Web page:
The best way to go about it, is to use card sorting as a first step to give you an idea of how your users categorize things. From there, you can create your own structure, respecting your users’ way of thinking. In this sense, tree testing can also be considered a good follow-up on card sorting.

defining structure and making your tree

There are some aspects of this user testing method that separate it from all others. Card sorting can be a very helpful way to understand how your users think, but it may not give you the specific categorization you should use. Consider the following example, given by Kathryn Whitenton with the Norman Nielsen Group.

“For example, participants in a card sort often create a generic category to hold a few items which don’t seem to fit anywhere else; this is understandable, but if you were to actually include an “other stuff” category in your menu, the same users would avoid it like the plague.”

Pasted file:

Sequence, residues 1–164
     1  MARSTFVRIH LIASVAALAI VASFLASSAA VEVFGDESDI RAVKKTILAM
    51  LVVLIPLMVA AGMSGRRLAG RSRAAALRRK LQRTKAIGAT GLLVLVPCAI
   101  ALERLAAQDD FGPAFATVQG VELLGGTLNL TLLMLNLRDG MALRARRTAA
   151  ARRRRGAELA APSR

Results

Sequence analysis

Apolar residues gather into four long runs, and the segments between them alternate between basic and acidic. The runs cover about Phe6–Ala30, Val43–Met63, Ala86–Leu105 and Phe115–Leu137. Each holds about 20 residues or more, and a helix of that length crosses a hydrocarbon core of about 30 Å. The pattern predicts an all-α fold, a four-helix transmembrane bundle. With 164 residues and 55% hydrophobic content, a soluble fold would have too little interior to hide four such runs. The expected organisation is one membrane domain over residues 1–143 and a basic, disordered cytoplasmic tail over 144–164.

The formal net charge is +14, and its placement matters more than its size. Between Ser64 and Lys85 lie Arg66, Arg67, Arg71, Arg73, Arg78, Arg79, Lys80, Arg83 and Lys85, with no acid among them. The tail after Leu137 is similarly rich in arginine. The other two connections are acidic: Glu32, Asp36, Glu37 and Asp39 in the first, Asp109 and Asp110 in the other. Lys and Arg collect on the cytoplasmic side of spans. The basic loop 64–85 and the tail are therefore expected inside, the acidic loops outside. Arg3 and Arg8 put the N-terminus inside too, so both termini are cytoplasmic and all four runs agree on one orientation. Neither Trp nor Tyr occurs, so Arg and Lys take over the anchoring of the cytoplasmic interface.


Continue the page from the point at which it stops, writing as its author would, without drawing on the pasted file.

That’s quite right. Users tend to avoid vague labels because it implies that going through that content will mean quite a lot of work. Users don’t want to wonder where things are, they don’t like having to go through long lists of things when looking for the one they need. Labels and logical categorization are key in making your product easy to use – and both tree testing and card sorting help on that front.

What do I need for a tree test?

The requirements for the test are quite simple, as is to be expected from such a straightforward method. You will need three things: real users, the hierarchy structure (the tree) and the tasks you mean to ask of users. Simple, right?

Defining and making your tree

The most complicated aspect of tree testing will depend on how far along you are in the project. You’ll need to create a structure if you hope to test it – which in of itself can be a bit of a challenge to design teams.